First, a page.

• Roxie Ray, "Seven Rebels" (filk, Seven Wonders, by Fleetwood Mac)
  • Jacqui Topp, "Irreconcilable Viewpoints"
  • M.R. Robber, "Musings"
  • Aya Katz, "The Improbable Scheme"
  • K.D. Swan, "What Price?"
  • Jacqueline Taero, "Vanishing Act"
  • Jacqueline Taero, "Survivor"
  • Melissa Mastoris, "Brother"
  • Shoshanna "Dreamer" (filk, Fast Car, by Tracy Chapman)
  • Aya Katz, "Vila's Revenge" (filk, Blue Tail Fly)
  • Jacqui Topp, "Double-Edged Sword"
  • Jacqueline Taero, "Filk for Avon"
  • Shannon, "Dreams"
  • Aya Katz, "Sand" (based on The Walrus and the Carpenter by Lewis Carroll)
  • Melissa Mastoris, "Golden Gunfighter"
  • Shannon, "Consequences"
  • Shannon, "Fragments" ("with thanks to Meatloaf, whose music provided the inspiration")


  • Ann Wortham, "From the Airlock" (editorial)
  • Letters
  • Brendan O'Cullane, "Trivia and Word Search Puzzle"
  • The Second Southern Seven Writing Contest (Art by Mariann Howarth, Sue Williams, Leah Rosenthal, Leigh Motooka, Melody Rondeau)
  • "Stories written by Leah Rosenthal and/or Ann Wortham and where to find them"
  • Zine ads


  • Laura Virgil (front cover), Leah Rosenthal, Mariann Howarth, Leigh Motooka, Kathy Coy, Adrian Morgan, MaryAnn Jorgensen, Kate Knepper, Sheila Paulson, Kathryn Andersen, Julie Nowak, Sue Williams, Melody Rondeau, S. Molnar, and Suzan Lovett

Reactions and Reviews: Issue 6

[And Then I Care Not]: Linda Terrell once complained in the newsletter "Federation Archives" that no one ever seemed to consider the clone to be anything but a plot device so Blake could survive Gauda Prime, and suggested that someone write a story in which the clone's personhood is seen. The story appeared in a zine I have-- possibly _Threads Through Infinity_, but I'm not sure-- anyway, Blake had made a friend of the clone, whom they called Roj, and was Really Pissed Off when Avon killed him. A nice change from all of the joyful reunion PGP stories one gets. [46]
[It's All Done By Magic]: Sally thought the plot wasn't much but it was fun watching Avon trying not to show that he was worried sick over Fearless Leader. Jenny, conversely, saw it as a strange sideways look at the relationship between Blake and Avon, in a story about conjurors and reincarnation, where the real magic is Blake's belief in Avon. [47]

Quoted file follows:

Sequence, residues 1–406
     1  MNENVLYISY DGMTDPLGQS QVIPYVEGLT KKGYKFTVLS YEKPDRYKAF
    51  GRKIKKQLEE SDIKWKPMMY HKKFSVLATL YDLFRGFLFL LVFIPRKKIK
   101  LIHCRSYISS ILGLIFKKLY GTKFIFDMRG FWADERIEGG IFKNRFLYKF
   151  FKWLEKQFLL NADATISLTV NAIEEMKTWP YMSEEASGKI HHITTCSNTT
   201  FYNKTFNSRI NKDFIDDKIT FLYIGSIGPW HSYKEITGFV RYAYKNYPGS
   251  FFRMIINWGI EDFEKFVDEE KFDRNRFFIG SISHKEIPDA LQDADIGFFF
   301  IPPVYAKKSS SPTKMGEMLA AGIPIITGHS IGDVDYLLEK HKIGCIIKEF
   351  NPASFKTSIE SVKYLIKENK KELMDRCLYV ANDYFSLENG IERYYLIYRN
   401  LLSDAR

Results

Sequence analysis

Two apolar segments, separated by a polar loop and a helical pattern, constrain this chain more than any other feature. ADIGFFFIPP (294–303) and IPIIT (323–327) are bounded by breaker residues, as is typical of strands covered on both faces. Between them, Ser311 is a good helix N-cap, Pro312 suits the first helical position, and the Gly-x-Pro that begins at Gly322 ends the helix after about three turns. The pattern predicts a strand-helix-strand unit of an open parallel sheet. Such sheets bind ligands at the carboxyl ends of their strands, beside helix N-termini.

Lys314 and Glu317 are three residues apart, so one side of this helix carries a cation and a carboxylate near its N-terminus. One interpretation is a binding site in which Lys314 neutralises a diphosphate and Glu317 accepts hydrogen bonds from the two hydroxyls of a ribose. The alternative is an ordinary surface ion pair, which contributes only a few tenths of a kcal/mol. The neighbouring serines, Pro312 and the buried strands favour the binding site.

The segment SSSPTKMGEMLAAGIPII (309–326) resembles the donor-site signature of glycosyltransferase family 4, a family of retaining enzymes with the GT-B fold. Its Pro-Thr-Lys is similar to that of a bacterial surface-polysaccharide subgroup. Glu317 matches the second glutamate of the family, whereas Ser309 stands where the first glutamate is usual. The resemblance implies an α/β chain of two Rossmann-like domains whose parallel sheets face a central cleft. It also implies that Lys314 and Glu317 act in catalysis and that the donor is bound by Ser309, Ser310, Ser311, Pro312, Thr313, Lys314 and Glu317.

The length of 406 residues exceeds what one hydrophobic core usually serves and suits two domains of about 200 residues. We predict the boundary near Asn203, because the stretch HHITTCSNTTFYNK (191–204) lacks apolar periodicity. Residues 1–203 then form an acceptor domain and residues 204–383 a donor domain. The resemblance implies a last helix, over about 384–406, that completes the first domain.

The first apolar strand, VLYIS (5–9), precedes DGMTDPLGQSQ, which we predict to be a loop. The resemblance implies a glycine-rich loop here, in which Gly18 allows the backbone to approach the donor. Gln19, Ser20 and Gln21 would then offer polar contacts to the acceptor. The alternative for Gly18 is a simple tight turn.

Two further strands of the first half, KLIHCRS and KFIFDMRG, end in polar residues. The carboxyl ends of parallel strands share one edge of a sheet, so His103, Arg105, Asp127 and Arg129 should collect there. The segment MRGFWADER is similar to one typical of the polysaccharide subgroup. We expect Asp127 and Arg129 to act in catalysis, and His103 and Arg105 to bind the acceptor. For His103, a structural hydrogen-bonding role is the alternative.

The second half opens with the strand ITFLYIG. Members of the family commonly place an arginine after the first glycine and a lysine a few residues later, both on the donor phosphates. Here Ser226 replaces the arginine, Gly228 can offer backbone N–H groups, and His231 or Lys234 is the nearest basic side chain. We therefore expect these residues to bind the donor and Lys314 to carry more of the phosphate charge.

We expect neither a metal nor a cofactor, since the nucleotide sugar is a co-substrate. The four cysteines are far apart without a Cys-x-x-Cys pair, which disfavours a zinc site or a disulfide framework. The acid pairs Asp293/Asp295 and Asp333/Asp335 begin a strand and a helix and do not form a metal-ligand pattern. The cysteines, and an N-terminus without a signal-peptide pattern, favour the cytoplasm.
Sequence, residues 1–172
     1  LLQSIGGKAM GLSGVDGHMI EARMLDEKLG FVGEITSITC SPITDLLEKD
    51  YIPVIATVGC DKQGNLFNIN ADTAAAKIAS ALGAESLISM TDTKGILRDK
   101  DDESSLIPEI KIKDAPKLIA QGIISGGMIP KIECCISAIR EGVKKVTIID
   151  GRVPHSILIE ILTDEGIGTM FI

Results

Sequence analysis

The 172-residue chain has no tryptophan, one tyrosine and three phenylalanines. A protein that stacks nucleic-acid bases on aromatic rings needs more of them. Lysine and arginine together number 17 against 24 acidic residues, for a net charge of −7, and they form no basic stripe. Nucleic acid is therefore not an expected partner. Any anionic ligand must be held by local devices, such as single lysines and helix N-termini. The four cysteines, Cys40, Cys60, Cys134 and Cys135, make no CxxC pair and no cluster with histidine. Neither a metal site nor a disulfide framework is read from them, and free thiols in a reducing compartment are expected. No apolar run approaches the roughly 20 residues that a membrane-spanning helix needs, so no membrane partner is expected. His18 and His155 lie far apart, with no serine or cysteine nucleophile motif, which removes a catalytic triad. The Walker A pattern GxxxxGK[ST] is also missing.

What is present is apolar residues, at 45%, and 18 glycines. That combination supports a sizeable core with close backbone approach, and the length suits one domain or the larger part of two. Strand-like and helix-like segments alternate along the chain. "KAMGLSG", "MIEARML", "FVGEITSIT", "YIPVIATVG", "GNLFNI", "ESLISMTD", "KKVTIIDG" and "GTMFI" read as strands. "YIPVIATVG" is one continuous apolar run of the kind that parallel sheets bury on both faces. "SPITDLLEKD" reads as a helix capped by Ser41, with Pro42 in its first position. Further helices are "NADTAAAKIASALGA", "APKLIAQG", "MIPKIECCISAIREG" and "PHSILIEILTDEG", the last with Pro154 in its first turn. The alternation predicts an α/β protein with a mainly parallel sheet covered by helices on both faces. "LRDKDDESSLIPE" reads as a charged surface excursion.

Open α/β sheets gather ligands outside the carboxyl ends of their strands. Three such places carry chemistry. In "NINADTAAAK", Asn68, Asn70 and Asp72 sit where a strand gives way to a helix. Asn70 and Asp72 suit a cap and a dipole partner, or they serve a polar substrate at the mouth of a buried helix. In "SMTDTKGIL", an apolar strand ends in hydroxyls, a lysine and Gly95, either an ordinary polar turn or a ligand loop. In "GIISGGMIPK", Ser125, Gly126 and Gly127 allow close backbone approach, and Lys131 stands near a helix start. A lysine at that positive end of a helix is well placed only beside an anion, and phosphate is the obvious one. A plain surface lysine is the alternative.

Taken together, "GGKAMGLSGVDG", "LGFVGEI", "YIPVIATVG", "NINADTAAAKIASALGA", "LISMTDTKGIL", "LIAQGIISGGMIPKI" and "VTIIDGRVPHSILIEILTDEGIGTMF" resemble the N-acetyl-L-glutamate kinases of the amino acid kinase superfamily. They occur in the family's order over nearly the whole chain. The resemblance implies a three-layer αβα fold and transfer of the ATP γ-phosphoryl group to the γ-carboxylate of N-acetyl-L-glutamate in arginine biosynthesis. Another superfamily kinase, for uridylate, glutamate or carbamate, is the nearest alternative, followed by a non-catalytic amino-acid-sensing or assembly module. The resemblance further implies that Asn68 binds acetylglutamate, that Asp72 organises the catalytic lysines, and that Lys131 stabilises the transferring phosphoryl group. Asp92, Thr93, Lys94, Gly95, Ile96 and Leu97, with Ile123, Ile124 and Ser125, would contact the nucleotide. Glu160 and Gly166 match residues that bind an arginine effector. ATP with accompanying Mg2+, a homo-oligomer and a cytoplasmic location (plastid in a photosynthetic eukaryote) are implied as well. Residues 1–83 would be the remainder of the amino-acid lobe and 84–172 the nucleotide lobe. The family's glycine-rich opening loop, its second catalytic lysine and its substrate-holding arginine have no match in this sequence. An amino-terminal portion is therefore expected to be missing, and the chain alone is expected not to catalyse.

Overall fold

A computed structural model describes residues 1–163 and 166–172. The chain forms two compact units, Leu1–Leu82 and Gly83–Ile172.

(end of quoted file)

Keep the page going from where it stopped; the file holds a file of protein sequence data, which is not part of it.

[zine]: This issue has one of my very favorite pieces of Suzan Lovett's art. It's a portrait of a worried-looking Avon, with the image of the early Blake directly behind him, and behind that, the sinister face of GP Blake. A pair of hands are reaching out to clutch at Avon, but it's not clear which Blake they belong too. I take this as a representation of Avon's state of mind on GP.

My other favorite thing in the issue is a poem, Aya Katz'a rendition of the events of "Sand" in the form of "The Walrus and the Carpenter." Wonderful! I also like her filk of "Blue Tail Fly." ("The Feds have won and I don't care, 'cause Avon's off my back.")

"The Prophecy" is sweet and sad. Unknown to Avon, he and Cally had a daughter, who was brought up on Kaarn with the other little Aurons. Vila accidentally travels into the future and learns of a prophecy that he must marry the daughter of Avon and Cally, in order to produce a child who will eventually bring down the Federation. But it turns out that the prophecy has been interpreted incorrectly....

In "Elvis Is Everywhere," Avon is too shy to respond to Cally's advances when he's in his right mind. But when he's possessed by Elvis, everything changes. Very funny.

Other especially recommended stories are [Shoshanna's] tale of the bank fraud, and Carol's dark PGP A-V, which won the writing contest. Yes, folks, she also writes excellent stories with no Tarrant in them at all! :) [48]


Southern Seven #6 wasn't quite as good, to me, as #5--but then, your collection of stories in issue 5 would be hard for any zine to beat.

Still, there were some stories in #6 that struck me, one way or another. I enjoyed the illo on pg. 9, from the Last Stand universe! Only Kerril could get away with that!

"Nightwood Rest"--I was a little disappointed to learn that the connection between Myal and Pari was father and son. Seemed a bit too predictable to me. Still, eagerly await more Kill the Dead installments. [The connection was established in the original book, Sally. Ed.]

"Days in the Death" -- good account as to how the account-fraud incident, and its consequences, developed.

"Knight in Leather Armor" -- clever twist. Somehow, I can see the cynical yet practical Avon actually choosing this way to solve the problem!